Last Saturday marked a year since Ellie died, a day I remember like it was yesterday but a year which has undoubtedly been the longest of my life. Despite this I’ve been hugely touched by all the people who have contacted me via the charity and written lovely things about Ellie and how inspiring she was, and still is, and we’re very proud to have established a registered charity in her name and memory.
We received our charity number last week and, as you may already have seen, we have a logo for Ellie’s Friends, so our main focus now is to develop the website of that name. It will enable people living with cancer to search by location and category for the services and support available to them and we will also continue to build a national network of service providers who wish to offer their skills or products for free or at a discounted rate.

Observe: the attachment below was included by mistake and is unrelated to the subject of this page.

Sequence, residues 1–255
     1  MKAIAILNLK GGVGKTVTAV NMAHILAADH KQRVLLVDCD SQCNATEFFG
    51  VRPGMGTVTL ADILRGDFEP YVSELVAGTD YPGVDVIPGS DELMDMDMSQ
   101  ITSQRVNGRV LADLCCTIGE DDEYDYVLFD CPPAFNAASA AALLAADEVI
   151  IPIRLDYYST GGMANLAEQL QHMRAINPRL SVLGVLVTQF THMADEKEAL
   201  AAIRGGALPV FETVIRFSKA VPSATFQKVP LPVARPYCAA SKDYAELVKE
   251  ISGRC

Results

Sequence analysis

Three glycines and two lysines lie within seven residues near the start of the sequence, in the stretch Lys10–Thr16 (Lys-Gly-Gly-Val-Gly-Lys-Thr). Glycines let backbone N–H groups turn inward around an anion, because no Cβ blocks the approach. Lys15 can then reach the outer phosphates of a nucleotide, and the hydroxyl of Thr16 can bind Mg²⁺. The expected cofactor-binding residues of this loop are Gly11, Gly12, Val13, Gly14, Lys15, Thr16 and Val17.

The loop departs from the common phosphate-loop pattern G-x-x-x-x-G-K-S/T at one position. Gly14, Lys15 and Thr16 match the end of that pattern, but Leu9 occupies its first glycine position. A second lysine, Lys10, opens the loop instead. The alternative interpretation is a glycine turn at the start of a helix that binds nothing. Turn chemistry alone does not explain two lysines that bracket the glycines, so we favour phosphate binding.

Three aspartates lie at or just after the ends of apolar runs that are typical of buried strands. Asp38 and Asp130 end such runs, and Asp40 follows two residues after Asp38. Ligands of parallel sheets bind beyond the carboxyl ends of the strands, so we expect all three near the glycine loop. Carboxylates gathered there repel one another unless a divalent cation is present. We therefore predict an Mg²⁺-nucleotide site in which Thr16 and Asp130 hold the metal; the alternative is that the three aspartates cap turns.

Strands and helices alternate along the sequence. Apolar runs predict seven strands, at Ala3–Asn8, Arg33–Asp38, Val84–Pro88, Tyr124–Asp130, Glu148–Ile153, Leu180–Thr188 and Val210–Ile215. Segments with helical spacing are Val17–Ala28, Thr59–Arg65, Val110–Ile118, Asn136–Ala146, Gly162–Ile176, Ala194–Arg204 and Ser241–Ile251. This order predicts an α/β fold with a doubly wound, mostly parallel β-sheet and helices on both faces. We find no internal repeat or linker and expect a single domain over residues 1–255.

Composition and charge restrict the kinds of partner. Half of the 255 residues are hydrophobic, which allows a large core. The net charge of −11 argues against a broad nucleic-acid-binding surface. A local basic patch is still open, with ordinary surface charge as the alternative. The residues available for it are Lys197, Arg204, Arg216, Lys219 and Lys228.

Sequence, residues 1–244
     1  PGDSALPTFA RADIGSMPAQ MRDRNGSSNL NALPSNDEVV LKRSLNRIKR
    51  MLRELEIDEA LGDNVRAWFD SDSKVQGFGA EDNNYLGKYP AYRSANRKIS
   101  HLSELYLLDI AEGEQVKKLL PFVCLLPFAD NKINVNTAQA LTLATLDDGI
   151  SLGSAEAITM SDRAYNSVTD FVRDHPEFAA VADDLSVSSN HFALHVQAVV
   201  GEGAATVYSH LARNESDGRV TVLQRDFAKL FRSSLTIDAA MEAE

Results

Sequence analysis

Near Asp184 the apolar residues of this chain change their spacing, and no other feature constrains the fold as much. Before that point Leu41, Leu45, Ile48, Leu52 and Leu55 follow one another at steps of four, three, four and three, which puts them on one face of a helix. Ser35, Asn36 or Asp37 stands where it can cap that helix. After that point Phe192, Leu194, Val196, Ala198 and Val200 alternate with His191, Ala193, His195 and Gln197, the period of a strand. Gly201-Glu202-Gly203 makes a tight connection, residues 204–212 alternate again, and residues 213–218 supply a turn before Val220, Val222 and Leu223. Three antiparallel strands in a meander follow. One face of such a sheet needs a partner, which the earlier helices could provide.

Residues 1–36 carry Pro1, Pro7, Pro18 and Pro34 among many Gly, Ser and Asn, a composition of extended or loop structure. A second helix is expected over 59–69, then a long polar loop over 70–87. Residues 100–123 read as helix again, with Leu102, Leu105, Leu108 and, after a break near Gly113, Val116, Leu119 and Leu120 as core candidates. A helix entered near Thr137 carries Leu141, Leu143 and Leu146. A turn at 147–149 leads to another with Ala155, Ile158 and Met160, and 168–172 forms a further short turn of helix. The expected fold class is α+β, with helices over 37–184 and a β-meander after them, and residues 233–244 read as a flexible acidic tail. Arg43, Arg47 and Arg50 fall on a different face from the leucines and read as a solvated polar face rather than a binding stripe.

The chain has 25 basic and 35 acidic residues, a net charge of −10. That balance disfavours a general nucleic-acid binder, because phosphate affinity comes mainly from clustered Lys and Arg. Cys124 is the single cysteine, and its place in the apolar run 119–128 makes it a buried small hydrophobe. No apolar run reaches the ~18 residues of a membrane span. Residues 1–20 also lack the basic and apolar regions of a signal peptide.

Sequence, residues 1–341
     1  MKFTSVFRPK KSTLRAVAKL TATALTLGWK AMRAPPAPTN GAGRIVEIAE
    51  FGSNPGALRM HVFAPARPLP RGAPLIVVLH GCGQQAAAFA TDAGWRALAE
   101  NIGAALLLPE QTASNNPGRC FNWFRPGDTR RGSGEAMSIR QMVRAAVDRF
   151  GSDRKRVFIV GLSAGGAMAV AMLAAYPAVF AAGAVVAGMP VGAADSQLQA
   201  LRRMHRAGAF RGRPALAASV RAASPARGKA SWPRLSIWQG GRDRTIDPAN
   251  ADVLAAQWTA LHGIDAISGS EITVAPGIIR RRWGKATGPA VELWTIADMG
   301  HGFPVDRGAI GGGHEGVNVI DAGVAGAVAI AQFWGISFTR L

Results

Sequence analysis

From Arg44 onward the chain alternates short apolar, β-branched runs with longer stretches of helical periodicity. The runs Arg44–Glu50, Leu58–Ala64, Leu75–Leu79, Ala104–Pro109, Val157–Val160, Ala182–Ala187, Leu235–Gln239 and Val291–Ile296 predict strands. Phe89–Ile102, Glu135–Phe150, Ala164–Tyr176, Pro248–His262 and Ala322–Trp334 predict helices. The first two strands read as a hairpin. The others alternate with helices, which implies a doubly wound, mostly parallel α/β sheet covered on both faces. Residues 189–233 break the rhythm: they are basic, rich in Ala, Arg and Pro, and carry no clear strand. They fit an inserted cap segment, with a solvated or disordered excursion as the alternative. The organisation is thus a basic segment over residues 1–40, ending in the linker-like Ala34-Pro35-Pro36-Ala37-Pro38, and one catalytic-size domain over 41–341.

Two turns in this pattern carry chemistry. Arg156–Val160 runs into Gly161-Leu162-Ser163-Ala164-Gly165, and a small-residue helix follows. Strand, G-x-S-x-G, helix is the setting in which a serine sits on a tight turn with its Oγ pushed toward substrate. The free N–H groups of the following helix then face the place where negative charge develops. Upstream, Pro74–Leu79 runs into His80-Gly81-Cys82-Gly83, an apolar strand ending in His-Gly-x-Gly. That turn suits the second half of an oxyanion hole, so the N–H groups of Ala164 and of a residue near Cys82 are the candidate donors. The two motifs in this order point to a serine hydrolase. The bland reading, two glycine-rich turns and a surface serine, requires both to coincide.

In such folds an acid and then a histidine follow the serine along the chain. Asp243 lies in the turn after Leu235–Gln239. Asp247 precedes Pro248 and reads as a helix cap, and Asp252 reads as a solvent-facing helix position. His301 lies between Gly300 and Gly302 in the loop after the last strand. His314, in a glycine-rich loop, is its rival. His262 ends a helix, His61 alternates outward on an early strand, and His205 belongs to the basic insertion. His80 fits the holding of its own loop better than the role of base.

As well as the many kind offers of help, many people have also enquired about donating to the charity and we have finally set up a donation page, which you can visit at https://mydonate.bt.com/charities/theeleanorrosefoundation.
We are hoping that we can find web developers who are willing to help us build Ellie’s Friends free of charge or at a significantly reduced rate and there will obviously be running costs of the site as we keep it up to date and approach service providers to grow the network. Whatever we do, we aim to make any donations stretch as far as possible and anyone who knows me will know that this is a particular skill of mine! Thank you to anyone and everyone who takes the time to donate.